With almost a season-like quality to it, the tech industry follows a cycle. New products are released in late summer, research and development throughout fall and winter, and spring and summer is all about hype. So what is the hype medium of choice? Giant conferences.
Since the release of the original iPhone in 2007, tech conferences have been the fuel for the application developer fire. Smartphones existed before the iPhone. However, the game changer was third party app developers. Twitter, Evernote, Swype — these and many more smartphone must-haves started as small-scale apps, and the next thumb-powered wonder app might be generated because companies like Google and Apple piqued programmers at a conference.
Conferences such as South by Southwest are legendary for launching Twitter and Foursquare, but as Apple’s recent developer conference shows, these massive tech venues might also be an app’s downfall. Apple used its conference to promote the next iteration of its mobile operating system, iOS. The platform will soon be endowed with baked-in, self-destructing messaging and dirt cheap cloud storage; good news for iPhone users, bad news for Snapchat and Dropbox. The lesson being mobile can be a gold mine for developers, but find too much success and the platform that made you rich might usurp your customer base.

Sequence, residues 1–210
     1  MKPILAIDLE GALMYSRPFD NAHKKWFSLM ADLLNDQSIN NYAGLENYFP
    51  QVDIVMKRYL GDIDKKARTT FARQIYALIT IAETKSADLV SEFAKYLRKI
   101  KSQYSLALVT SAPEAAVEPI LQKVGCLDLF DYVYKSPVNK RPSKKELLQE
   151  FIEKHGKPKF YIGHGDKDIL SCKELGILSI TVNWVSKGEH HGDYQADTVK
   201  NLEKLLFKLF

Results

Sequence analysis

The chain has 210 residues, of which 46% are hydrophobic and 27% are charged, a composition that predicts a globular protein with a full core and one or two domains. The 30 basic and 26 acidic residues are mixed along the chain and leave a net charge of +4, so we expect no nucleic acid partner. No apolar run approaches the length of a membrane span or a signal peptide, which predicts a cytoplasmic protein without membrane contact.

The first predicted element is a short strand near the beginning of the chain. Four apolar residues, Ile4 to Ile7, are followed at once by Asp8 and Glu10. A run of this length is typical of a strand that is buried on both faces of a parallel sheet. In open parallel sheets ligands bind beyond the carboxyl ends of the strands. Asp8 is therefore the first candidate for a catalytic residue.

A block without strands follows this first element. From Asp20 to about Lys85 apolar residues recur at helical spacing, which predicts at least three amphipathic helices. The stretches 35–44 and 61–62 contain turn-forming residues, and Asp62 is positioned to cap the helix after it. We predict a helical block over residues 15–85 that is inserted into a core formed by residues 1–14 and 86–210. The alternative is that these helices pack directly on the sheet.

Tech conferences tend to provide captive audiences ready and willing to adopt new innovations. However, sometimes those innovations fall flat. Three years ago, Google used its summer developer conference to release its flagship Nexus tablet and an entertainment set-top gadget, the Nexus Q. The tablet line is still alive and selling relatively well, but the Q? Dead on arrival. Both developers and consumers were confounded by its nebulous purpose forcing Google to eventually give it away for free before ultimately discontinuing it.
Chances are, if you waited with bated breath for news from Apple’s developer conference a few weeks ago, you walked away a little bored and a little confused. Don’t worry, these events aren’t for you, the programmers who attended the conference and understood the message will make sure your next iPhone is everything you want it to be. CV
Patrick Boberg is a central Iowa creative media specialist. Follow him on Twitter @PatBoBomb.